Peter had also witnessed the hospitality shown by Jesus such as when he welcomed the children. And Peter knew of Jesus’ service on behalf of others. He himself helped the Lord fed the five thousand. And he saw Jesus give of himself for the sins of the world. From Jesus, Peter learned firsthand the importance of prayer, love, hospitality, and service.  

Let’s spend some time with the last three items: love, hospitality, and service. Unlike prayer, these three are done only on behalf of others. They are a response to what God has done for us. God helped us, so we help others. 

In the 8th verse, Peter tells us to “love for love makes up for practically anything.” In other translations, its: “love covers up a multitude of sins.” This can be confusing and has been debated throughout the ages.[5] It sounds like we need a little excess love to overcome some of our sins. But if that’s the meaning, it contradicts the over-riding message of grace in the Scriptures. Jesus, alone, atones for our sins. 

But there is another way of understanding this verse. Peter, after all, addresses the characteristics of a Christian community. When he encourages us to maintain love for one another, Peter is not saying our love will wipe away our sins against God. Instead, he refers to our relationships with others. 

Peter knows every community is made up of imperfect people. Imperfect people do and say things that are often thoughtless and sometimes downright cruel. It’s part of our human condition, tainted as we are by sin, which gives us the ability to screw up relationships so easily. Ever since Cain struck Abel, human beings have had a hard time getting along. On the individual level, we fight with our spouses, our children, our parents, our neighbors, our coworkers. And this carries on to a global level.

Understanding this, Peter insists we love one another. For when we love, it is easier to forgive. Think about it in this way, it’s easier to forgive (or at least I hope it is), a spouse or one’s on child than it is to forgive that truck driver who cut you off driving down I-77. Why, because we already have a relationship with them. Of course, that doesn’t mean we shouldn’t forgive the truck driver, but that’s another subject.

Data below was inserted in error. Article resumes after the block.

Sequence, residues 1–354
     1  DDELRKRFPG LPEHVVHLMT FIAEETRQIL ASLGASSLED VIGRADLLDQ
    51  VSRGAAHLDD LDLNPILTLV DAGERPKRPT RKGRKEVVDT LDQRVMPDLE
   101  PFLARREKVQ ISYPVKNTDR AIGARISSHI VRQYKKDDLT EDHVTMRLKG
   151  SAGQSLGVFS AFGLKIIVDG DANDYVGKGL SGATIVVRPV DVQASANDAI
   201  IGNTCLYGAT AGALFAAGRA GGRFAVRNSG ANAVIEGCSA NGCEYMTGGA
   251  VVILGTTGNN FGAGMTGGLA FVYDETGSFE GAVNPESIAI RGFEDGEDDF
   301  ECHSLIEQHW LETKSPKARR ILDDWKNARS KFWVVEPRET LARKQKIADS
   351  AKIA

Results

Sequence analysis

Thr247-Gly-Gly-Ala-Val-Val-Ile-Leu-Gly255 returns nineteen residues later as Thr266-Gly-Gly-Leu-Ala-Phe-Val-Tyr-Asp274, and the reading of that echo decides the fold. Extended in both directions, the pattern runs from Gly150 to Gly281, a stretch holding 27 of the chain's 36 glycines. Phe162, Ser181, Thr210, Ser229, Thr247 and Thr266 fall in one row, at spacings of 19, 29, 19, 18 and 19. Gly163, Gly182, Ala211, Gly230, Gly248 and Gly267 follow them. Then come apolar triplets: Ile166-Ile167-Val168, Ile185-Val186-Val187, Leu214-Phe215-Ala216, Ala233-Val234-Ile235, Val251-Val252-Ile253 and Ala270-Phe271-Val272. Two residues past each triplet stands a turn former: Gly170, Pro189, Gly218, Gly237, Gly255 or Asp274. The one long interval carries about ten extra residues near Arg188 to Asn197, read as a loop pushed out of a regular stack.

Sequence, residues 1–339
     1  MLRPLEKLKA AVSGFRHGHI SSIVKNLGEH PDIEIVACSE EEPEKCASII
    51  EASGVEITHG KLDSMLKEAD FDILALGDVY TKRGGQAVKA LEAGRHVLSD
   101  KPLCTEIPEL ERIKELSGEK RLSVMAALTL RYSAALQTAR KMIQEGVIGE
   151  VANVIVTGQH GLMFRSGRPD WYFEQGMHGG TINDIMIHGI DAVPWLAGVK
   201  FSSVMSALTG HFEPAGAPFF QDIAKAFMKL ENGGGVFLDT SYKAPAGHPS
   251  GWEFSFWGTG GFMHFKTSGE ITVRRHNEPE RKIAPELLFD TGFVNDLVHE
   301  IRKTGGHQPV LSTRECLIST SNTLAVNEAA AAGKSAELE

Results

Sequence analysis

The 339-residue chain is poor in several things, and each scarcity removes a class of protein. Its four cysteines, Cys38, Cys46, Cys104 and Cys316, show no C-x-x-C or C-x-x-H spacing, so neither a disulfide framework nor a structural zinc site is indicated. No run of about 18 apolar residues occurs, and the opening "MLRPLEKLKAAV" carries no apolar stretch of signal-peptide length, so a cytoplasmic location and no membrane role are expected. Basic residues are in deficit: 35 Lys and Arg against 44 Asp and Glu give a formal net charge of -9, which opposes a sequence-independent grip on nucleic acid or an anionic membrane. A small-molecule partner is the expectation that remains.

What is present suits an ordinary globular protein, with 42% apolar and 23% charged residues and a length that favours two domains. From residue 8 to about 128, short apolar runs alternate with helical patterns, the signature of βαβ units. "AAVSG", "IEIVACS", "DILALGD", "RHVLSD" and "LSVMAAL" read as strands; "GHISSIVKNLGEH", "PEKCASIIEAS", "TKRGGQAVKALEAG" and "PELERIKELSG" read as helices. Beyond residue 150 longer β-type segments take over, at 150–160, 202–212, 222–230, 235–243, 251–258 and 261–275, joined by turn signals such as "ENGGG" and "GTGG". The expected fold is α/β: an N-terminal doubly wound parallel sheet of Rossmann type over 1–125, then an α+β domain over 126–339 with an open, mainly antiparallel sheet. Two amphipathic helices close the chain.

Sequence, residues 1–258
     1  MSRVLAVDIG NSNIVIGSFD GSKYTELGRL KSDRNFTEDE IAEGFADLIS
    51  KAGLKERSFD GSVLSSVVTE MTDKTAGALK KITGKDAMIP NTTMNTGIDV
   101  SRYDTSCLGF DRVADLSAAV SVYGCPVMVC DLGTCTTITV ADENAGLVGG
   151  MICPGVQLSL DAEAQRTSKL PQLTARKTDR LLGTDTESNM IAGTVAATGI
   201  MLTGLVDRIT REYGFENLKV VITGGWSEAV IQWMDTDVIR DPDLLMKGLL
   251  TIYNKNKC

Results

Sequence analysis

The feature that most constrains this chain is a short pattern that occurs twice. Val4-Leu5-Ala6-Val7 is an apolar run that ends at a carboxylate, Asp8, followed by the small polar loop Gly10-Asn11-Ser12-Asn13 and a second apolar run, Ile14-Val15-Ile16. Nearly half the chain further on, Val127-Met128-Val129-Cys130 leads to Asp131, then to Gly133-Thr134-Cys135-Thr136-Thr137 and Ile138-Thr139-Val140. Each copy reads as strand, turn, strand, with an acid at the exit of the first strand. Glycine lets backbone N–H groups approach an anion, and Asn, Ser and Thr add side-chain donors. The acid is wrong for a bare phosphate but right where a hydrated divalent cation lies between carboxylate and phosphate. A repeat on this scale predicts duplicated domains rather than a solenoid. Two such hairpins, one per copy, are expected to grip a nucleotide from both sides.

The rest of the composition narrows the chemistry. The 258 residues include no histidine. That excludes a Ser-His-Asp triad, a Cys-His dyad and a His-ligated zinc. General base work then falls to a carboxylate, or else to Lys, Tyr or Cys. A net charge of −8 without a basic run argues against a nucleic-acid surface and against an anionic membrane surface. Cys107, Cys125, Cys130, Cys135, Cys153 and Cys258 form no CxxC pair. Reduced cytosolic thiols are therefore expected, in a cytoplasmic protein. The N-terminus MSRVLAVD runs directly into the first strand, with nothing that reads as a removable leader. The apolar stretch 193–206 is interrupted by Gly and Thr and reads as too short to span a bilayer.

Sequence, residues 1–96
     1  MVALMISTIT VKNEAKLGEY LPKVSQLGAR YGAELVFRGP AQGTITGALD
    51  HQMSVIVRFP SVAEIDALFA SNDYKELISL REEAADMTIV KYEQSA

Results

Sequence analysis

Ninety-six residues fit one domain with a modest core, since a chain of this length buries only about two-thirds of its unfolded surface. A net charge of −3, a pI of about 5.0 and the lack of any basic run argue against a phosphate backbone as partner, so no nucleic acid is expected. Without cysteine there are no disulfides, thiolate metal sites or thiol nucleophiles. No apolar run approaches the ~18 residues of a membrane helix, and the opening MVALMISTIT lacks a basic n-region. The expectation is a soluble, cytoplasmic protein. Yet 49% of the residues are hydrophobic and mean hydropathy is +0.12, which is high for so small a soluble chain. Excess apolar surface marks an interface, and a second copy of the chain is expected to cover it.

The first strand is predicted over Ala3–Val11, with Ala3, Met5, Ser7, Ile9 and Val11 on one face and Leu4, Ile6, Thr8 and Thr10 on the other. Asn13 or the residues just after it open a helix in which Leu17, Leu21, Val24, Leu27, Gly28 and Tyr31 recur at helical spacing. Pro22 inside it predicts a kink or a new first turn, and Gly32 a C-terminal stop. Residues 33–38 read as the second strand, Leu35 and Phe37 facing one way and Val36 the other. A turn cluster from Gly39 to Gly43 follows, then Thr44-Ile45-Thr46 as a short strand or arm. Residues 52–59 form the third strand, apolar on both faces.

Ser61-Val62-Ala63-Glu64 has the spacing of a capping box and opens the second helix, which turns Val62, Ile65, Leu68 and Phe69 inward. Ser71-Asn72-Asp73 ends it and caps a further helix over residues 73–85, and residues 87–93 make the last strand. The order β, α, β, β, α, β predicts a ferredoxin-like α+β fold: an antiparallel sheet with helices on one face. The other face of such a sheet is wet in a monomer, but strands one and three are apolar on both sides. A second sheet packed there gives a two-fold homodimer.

Peter refers to being a part of the Christian family which is like being in a marriage. I don’t know of a marriage in which the husband and the wife don’t do something to irritate the other. But it’s not the actions of the individuals within a marriage that keep them together. Actions won’t do it. It takes love and commitment. In the same way, we who are in a Christian community are kept together by our love for and commitment to each other and by Christ’s love for us all.

Love may not be the best word here since it’s been so tainted in the English language. The type of love Peter calls for Christians to show one another is agape love. Agape is love that doesn’t seek to possess but to give. Too often we’re concerned about what we possess, wanting and desiring more. We forget the old cliché, “we make a living by what we get, but we make a life by what we give.” 

The King James Version translates Agape love as charity. Today, a better interpretation might be caring. Look out for each other. Keep the best interest of your sisters and brothers in your heart. 

You know, a caring community has appeal. If our mission is to continue the work of Jesus, it’s imperative we care for each other. It’ll help draw more disciples, for who doesn’t want to be such a fellowship? 

Peter’s next characteristic is hospitality. When Peter wrote this letter, missionaries were running all over in a heroic attempt to tell everyone about Jesus. In the early days of the church these missionaries stayed in the homes of believers. There were not many hotels and even if there had been, few missionaries would have had the resources to stay in one. So, Peter tells Christians to open their homes and set out a table for their brothers and sisters.[6]